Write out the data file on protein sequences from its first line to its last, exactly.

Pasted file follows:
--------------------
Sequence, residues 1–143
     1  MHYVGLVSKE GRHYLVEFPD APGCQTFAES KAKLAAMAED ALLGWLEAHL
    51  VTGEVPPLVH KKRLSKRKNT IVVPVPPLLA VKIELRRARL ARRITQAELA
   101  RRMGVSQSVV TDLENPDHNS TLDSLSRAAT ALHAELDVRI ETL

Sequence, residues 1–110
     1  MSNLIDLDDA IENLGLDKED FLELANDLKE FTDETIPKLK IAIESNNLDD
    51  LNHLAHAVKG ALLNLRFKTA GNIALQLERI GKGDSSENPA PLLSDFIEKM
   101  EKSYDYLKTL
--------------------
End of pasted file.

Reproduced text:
Sequence, residues 1–143
     1  MHYVGLVSKE GRHYLVEFPD APGCQTFAES KAKLAAMAED ALLGWLEAHL
    51  VTGEVPPLVH KKRLSKRKNT IVVPVPPLLA VKIELRRARL ARRITQAELA
   101  RRMGVSQSVV TDLENPDHNS TLDSLSRAAT ALHAELDVRI ETL

Sequence, residues 1–110
     1  MSNLIDLDDA IENLGLDKED FLELANDLKE FTDETIPKLK IAIESNNLDD
    51  LNHLAHAVKG ALLNLRFKTA GNIALQLERI GKGDSSENPA PLLSDFIEKM
   101  EKSYDYLKTL